JACK AND JILL WENT UP TO KILL: A BOOK OF ZOMBIE NURSERY RHYMES by Michael P. Spradlin and Jeff Weigel — Mother Goose is doing the undead shuffle! Every kiddie loves nursery rhymes — even the little ones in advanced state of decay who enjoy chowing down on human viscera. Now the madmen who brought you IT’S BEGINNING TO LOOK A LOT LIKE ZOMBIES and EVERY ZOMBIE EATS SOMEBODY eviscerate the beloved poems that once filled our tiny oozing childish brains — “Little Miss Muffet Turned on a Tuffet” into something putrid and smelly, and it’s “Three Undead Mice” scampering across our kitchen table.

VAMPIRE ART NOW by Jasmine Becket-Griffith and Matthew David Becket — From the elegant beauties of Victoria Frances to the decaying savages of Anne Stokes, this book illustrates the vampire in his or her many moods: either wooing lovers with a hypnotic stare, biting long necks (willing and unwilling), or staring straight at the viewer as if ready to bound off the page in a nocturnal frenzy. By presenting multiple artists’ takes on what it means to be a vampire, this collection illustrates how one cultural icon can vary so greatly across different cultures, classes, media and artistic aesthetics.

SAD MONSTERS: GROWLING ON THE OUTSIDE, CRYING ON THE INSIDE by Frank Lesser and Willie Real — Monsters have it tough. Besides being deeply misunderstood, they suffer from very real problems: Mummies have body image issues, Godzilla is going through an existential crisis, and creatures from the black lagoon face discrimination from creatures from the white lagoon. At heart, these monsters are human; after all, you are what you eat. Quirkily illustrated, SAD MONSTERS documents the trials and tribulations of all the undead creatures monster-mad readers have grown to love, from vampires and werewolves, to chupacabras and sphinxes, and even claw-footed bathtubs.

Buy them at Amazon.

Benny and Penny in the Big No-No! / Luke on the Loose

Toon Books’ latest wave of child-aimed comics in handsome hardbound editions consists of two titles: Geoffrey Hayes’ BENNY AND PENNY IN THE BIG NO-NO! and Harry Bliss’ LUKE ON THE LOOSE. Both succeed in the label’s stated goal of encouraging kids to read … and its unstated one of entertaining their parents.

THE BIG NO-NO! represents the first repeat characters in the Toon Books lineup, with BENNY AND PENNY IN JUST PRETEND having been part of the inaugural releases. The sibling mouse duo return for an adventure in their backyard … and over the fence when they get curious about the mysterious new kid next door.

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The Mammoth Book of Zombie Comics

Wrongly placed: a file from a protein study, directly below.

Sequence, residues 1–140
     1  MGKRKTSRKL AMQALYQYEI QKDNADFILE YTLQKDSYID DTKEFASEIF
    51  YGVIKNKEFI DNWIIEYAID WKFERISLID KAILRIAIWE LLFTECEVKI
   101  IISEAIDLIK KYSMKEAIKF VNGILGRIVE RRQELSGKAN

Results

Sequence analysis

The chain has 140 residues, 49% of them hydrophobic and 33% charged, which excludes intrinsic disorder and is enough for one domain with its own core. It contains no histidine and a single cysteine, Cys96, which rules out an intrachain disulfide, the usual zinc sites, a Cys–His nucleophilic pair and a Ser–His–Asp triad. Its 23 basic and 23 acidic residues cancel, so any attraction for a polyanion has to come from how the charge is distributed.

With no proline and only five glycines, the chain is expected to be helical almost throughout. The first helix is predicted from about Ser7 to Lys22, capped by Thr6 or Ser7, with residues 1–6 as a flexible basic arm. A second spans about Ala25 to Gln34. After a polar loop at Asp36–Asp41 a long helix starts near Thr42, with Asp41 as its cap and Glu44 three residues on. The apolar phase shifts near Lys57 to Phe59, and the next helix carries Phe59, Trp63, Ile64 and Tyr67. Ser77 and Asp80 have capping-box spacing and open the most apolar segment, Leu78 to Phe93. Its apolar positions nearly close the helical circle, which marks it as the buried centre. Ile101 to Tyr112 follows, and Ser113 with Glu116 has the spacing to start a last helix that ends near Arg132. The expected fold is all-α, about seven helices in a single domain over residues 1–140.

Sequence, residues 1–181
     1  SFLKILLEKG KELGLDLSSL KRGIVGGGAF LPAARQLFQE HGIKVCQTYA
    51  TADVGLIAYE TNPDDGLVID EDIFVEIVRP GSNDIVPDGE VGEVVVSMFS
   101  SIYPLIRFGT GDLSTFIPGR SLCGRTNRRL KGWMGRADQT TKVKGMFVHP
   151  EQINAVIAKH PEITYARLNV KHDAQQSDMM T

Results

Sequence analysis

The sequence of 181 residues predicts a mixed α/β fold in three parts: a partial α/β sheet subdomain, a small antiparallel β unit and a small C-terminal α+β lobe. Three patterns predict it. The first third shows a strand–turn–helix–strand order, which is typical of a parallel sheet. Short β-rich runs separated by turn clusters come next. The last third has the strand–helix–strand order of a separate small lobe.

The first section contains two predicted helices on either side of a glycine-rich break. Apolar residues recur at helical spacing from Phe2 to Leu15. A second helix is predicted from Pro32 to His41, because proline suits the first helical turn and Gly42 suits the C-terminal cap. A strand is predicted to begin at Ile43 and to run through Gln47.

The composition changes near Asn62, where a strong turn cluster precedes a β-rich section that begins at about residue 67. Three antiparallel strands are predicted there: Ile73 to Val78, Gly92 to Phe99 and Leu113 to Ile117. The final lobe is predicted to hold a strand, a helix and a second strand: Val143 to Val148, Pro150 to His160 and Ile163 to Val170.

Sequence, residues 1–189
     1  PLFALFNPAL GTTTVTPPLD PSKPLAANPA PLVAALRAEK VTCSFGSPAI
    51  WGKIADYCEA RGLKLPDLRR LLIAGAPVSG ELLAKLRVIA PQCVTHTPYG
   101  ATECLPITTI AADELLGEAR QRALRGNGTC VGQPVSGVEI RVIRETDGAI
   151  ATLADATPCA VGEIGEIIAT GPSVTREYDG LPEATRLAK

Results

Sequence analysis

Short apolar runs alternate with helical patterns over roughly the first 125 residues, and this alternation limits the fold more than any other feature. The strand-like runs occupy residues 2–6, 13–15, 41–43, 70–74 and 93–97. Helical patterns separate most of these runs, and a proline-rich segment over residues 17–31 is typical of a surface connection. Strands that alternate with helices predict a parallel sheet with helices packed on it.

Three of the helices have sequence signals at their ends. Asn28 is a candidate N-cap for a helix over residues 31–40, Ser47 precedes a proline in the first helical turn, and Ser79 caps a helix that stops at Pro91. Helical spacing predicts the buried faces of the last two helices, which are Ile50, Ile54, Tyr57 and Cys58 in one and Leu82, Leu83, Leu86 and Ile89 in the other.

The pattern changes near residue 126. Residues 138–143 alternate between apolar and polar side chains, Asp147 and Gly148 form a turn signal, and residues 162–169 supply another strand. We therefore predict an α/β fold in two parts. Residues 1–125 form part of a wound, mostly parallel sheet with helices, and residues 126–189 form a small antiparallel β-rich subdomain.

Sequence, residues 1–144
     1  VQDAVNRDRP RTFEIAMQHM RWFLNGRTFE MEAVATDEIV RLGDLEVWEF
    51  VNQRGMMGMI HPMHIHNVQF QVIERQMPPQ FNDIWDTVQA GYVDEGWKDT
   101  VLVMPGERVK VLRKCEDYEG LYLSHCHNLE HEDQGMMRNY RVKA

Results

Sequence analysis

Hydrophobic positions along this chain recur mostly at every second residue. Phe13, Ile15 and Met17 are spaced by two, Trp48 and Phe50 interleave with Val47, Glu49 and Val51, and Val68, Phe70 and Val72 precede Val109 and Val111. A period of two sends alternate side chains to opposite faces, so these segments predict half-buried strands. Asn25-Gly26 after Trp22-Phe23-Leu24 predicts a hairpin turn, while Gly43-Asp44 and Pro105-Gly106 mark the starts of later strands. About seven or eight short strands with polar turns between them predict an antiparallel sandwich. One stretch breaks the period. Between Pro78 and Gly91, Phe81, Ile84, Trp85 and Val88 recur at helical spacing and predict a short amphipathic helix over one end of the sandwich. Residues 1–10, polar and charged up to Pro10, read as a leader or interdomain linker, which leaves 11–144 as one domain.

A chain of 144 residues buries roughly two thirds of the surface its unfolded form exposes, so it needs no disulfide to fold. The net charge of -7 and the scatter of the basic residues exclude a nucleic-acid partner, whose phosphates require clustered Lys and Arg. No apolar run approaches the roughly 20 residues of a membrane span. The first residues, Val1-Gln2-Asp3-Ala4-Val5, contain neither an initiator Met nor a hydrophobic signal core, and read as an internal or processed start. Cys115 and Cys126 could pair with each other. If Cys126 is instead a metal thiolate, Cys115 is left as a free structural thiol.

They’re coming to get you, reader! Running Press continues its impressive string of ridiculously affordable, brick-sized graphic anthologies with THE MAMMOTH BOOK OF ZOMBIE COMICS, edited by David Kendall. In case you haven’t read a book or seen a movie in the last decade, zombies are big business, and this volume collects 18 tales in more than 450 pages.

The great thing about these titles is being exposed to comics from all around the world that you’ve likely never read. Luckily, I’ve only encountered one entry here before: the opening “Making Amends,” by Steve Niles, who helped kickstart the horror-comics resurgence.

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SEARCH ME >> 8.08

A sampling of some of the bizarro search terms with (thankfully) low numbers that brought people to BOOKGASM over the last 30ish days:

• “spuergril batgril sex”
• “no bra needed”
• “dont hassel hoff”
• “girls get damp when excited”
• “submarine porn classic movie -yellow”
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QUICKGASM >> 1.25.08

quickgasmBecause time isn’t always kind: economic reviews in a world full of waste!

grim lands reviewHaving already issued collections of Conan, Kull, Solomon Kane and Bran Mak Morn, Del Rey turns to a hodgepodge of here-and-there again for THE BEST OF ROBERT E. HOWARD, VOLUME 2: GRIM LANDS. Yes, you get various tales featuring the above characters – including my favorite Conan story, “The Tower of the Elephant” – but you also get lesser-known and non-series numbers of swordplay and sorcery, of pirates, knights and even boxers. Throw Red Sonya in there for good measure, and Howard’s bent for the weird Western tale is in full force as well. It’s nice to see these stories here rather than in overpriced editions, plus accompanied by beautiful little illustrations from Jim and Ruth Keegan. For me, though, the real find here is “Pigeons from Hell”; it may carry a trite title, but it’s a chilling horror tale. Cheers to Del Rey for putting Howard’s work back into widespread existence these past few years; all eight in the collection are worth owning.

manga bible reviewIf you’ve ever wanted to see characters from the Bible with big doe eyes, let there be light! Siku’s THE MANGA BIBLE transforms ye olde bestseller into a full-fledged graphic novel, moving quickly – too quickly, some will say – from the creation story to Jesus’ revelations in a tidy 200 pages. No doubt this will hold massive appeal to today’s manga-hungry teens, as it is true manga (except it doesn’t have to be read backwards, thankfully). The script by Akin Akinsiku updates dry text with present-day lingo; witness Cain and Able (“Whassup, bro? I’ve got something I wanna show you in my farm.” “Sounds interesting … what is it?” “Your death, you smug *$&%*!”) It’s not without humor – Jonah’s story is presented as a two-page “comedy short” – and works in present-day framing scenes to make the story relevant.

sacha baron cohen nudeNo allegations of Scientology tampering in this celebrity bio. Kathleen Tracy’s SACHA BARON COHEN – THE UNAUTHORIZED BIOGRAPHY: FROM CAMBRIDGE TO KAZAKHSTAN chronicles the maverick comedian’s rise from privileged scholar to British cult TV star to Oscar-nominated pop-culture tsunami. There’s nothing offensive about it, but nothing earth-shattering, either. It reads like Tracy just cherry-picked facts from People profiles and the like, which is both a blessing and a curse, meaning the read is an easy one, but also one that feels only skin-deep. The section on BORAT‘s filming and subsequent lawsuit-ridden release proves the most interesting; even though you’ve read it all before in countless news articles, it’s handy to have them assembled in one spot.